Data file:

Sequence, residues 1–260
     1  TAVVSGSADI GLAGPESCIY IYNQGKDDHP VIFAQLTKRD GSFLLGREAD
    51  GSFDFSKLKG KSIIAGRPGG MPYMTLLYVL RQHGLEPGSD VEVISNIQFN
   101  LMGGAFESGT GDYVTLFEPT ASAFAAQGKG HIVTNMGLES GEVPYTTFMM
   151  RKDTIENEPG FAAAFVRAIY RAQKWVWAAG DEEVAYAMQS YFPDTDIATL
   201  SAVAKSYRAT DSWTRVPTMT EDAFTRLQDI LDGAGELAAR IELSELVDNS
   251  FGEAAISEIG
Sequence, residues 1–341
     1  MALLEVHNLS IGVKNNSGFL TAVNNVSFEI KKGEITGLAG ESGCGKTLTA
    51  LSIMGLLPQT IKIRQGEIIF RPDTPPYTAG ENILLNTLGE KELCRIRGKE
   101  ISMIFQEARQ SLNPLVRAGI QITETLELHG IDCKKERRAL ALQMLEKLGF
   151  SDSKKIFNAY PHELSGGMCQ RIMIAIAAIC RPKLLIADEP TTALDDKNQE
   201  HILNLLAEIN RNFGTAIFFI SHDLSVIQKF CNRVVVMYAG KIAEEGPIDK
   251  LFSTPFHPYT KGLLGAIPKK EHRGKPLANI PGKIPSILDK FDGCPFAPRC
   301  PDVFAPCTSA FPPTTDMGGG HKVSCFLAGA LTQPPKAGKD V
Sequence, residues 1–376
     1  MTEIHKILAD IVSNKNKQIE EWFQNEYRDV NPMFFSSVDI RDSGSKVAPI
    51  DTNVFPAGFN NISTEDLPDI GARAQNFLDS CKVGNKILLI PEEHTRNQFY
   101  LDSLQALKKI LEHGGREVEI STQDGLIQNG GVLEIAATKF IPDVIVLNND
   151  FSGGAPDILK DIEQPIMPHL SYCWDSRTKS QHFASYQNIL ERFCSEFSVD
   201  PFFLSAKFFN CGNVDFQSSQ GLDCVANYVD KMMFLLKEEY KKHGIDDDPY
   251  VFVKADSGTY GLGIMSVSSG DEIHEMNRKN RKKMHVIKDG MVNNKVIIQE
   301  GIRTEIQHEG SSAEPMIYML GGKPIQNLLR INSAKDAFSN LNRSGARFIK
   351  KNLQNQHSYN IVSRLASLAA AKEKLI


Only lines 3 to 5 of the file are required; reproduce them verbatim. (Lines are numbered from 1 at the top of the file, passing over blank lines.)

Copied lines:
    51  GSFDFSKLKG KSIIAGRPGG MPYMTLLYVL RQHGLEPGSD VEVISNIQFN
   101  LMGGAFESGT GDYVTLFEPT ASAFAAQGKG HIVTNMGLES GEVPYTTFMM
   151  RKDTIENEPG FAAAFVRAIY RAQKWVWAAG DEEVAYAMQS YFPDTDIATL